After a lengthy probe into teen vaping, Juul will pay $440 million

Juul vape

New marketing limits are also placed on the e-cigarette manufacturer, whose products are allegedly to blame for the rise in teen vaping.

Juul Labs, the manufacturer of electronic cigarettes, will pay roughly $440 million to resolve a two-year probe by 33 states into the promotion of its high-nicotine vaping devices, which have long been held responsible for a significant increase in teen vaping throughout the country.

In 2020, the states and Puerto Rico banded together to look into Juul’s early advertisements and claims regarding the advantages and safety of its technology as a smoking replacement. The deal was announced on Tuesday by William Tong, the attorney general of Connecticut, on behalf of the states and Puerto Rico.

The agreement, which places several limitations on how Juul can sell its products, settles one of the most pressing legal issues that the struggling business was facing. There are still nine different lawsuits pending against the company from other states. Juul is also facing hundreds of individual lawsuits launched on behalf of young people and others who claim they developed vaping addictions after using the company’s devices.

According to a statement, the investigation by the states revealed that Juul used young models in its social media posts, product giveaways, and launch parties to advertise its e-cigarettes to underage teenagers.

Tong stated at a news conference at his Hartford office, “We anticipate that this will go a long way in halting the tide of teenage vaping.”

“I don’t have any illusions, and I can’t say that it will put an end to child vaping,” he added. “It still constitutes to be an epidemic. It still poses a serious issue. However, we have effectively eliminated a significant portion of what was a market leader in the past and a serious offender based on their actions.”

The $438.5 million will be distributed over a six- to ten-year period. Tong stated that Connecticut would contribute at least $16 million to measures to prevent and educate people about vaping. Prior legal disputes involving Juul were resolved in Washington, North Carolina, Louisiana, and Arizona.

The settlement sum equals nearly 25% of Juul’s $1.9 billion in US sales from the previous year. Tong stated that it was an “agreement in principle,” which means that during the ensuing weeks, the states will be completing the settlement agreements.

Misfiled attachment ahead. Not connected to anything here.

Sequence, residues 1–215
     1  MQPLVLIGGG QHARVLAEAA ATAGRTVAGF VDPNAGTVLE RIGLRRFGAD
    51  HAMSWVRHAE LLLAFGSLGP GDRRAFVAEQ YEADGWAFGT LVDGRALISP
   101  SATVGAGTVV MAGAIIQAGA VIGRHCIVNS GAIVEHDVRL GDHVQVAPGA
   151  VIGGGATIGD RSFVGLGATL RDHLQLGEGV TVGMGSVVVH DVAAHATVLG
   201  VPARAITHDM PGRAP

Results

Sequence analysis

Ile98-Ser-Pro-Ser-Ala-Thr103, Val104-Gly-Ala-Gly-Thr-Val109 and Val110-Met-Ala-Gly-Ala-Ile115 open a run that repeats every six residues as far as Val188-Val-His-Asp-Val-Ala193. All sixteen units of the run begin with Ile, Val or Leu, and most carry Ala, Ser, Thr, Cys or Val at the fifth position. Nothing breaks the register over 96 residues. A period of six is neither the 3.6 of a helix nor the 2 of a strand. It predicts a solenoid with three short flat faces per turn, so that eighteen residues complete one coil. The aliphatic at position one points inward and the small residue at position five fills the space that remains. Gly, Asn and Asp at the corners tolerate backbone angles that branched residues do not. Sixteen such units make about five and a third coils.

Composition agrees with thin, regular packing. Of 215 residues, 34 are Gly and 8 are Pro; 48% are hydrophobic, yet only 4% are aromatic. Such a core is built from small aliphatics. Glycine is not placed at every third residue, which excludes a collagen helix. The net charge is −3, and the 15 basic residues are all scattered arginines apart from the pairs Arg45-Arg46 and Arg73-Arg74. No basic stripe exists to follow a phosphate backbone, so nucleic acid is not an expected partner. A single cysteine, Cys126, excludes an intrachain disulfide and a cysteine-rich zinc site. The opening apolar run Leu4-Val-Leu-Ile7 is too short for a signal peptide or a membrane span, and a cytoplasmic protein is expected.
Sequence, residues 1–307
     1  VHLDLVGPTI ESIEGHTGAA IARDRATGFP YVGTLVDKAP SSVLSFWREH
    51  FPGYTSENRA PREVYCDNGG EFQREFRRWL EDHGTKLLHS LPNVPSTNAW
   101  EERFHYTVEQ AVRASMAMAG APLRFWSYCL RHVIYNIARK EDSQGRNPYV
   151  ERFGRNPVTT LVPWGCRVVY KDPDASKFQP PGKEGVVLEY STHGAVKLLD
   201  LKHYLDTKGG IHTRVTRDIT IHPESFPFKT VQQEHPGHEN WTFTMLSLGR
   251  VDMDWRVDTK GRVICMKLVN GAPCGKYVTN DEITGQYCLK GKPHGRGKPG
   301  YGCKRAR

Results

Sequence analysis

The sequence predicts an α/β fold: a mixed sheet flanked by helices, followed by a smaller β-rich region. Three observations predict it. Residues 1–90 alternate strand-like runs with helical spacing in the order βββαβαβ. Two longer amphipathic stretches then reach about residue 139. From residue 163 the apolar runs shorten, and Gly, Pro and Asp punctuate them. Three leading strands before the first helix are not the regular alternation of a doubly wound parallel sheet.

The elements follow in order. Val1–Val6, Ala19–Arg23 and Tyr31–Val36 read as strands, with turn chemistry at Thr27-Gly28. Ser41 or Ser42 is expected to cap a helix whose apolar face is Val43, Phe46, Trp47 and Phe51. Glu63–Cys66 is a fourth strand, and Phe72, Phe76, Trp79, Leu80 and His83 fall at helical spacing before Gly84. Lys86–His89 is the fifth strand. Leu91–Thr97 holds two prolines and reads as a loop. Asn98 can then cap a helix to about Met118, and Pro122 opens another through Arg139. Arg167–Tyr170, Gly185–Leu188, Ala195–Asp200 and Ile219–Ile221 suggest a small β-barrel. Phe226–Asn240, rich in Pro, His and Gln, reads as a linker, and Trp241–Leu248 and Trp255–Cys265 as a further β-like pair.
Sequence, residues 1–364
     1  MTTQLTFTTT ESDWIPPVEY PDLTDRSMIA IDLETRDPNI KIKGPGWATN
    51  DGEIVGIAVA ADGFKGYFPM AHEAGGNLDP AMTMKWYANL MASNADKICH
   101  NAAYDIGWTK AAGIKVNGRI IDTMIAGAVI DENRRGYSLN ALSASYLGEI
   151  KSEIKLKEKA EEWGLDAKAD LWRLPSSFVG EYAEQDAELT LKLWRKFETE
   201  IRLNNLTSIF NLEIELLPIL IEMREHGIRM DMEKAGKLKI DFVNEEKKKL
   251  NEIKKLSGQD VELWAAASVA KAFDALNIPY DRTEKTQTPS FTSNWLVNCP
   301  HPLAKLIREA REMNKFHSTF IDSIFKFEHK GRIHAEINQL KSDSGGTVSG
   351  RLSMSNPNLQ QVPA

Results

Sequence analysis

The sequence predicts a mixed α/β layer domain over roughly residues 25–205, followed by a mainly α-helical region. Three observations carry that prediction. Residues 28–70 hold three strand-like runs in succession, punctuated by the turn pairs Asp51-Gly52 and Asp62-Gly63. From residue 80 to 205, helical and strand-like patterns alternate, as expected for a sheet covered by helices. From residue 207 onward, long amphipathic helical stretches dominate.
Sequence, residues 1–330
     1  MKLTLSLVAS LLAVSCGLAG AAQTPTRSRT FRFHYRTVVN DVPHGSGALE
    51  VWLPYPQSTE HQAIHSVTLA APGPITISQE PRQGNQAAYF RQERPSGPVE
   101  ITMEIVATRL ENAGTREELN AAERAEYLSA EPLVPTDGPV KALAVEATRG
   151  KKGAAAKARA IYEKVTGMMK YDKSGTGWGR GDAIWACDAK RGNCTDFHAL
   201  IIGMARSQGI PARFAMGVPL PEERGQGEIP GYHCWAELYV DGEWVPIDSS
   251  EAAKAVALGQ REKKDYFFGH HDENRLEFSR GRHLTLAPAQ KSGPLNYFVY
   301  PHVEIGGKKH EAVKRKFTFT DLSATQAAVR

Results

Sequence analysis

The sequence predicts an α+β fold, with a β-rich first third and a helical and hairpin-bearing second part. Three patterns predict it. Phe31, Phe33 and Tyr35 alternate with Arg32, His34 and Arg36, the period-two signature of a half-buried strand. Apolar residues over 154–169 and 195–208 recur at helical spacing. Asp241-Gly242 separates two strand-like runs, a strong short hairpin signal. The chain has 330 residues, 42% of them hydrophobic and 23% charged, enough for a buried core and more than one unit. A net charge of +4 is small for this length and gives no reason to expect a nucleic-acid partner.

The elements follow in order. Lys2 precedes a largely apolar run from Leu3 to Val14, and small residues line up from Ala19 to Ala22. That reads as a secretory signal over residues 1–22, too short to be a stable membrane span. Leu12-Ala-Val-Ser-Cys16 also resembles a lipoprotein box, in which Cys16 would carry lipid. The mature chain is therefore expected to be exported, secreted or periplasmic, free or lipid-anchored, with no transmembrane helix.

The majority of the restrictions laid forth in the settlement announced on Tuesday won’t have an impact on Juul’s business activities, as the company stopped using giveaways, parties, and other advertisements after facing criticism some years ago. After accounting for 75% of the US retail vaping market some years ago, the firm now accounts for around one-third of it.

After Juul was introduced in 2015, the usage of e-cigarettes by teens skyrocketed, prompting the US Food and Drug Administration to pronounce an “epidemic” of illegal vaping among adolescents. According to health experts, the unheard-of growth runs the risk of introducing teenagers to nicotine.

But starting in 2019, Juul has largely been withdrawing, ceasing all US advertising, and removing its candy and fruit from the market.

The FDA’s decision to remove all Juul e-cigarettes from the market this summer dealt it the largest blow. The FDA has recently reopened its scientific evaluation of the company’s technology after Juul successfully appealed that decision in court.

Following years of regulatory delays, officials are making a broad effort to scrutinize the multibillion-dollar vaping sector. The FDA review is one component of this endeavor. For adult smokers looking for a less dangerous option, the EPA has approved a few e-cigarette brands.

Juul used to appeal to youthful, urban consumers, but it has now started positioning its product as a substitute for tobacco for senior smokers.

The business stated in a statement, “We remain focused on our future as we fulfill our commitment to transition adult smokers away from cigarettes, the leading cause of preventable death while combatting underage usage.

As part of the settlement, Juul has agreed to stop using a variety of marketing techniques. They include refraining from employing cartoons, paying influencers on social media, portraying persons under 35, running ads on billboards and in public transit, and avoiding displaying advertisements anywhere unless at least 85% of the audience of the newspaper is made up of adults.

The agreement also specifies limitations on both online and offline sales as well as placement restrictions for Juul products in retail locations.

Juul initially offered flavors including mango, mint, and crème for its high-nicotine pods. In US high schools, the goods became a blight as kids vaped in the restrooms and halls in between lessons.

However, recent federal survey data indicates that youthful interest in the company is waning. Nowadays, the majority of teenagers favor disposable e-cigarettes, some of which are still offered in sweet, fruity flavors.

As many children were compelled to learn at home during the epidemic, the study generally revealed a decline in the rate of teen vaping by about 40%. Despite this, federal officials advised against interpreting the data because they were initially gathered online rather than in classrooms.

Author: ayla

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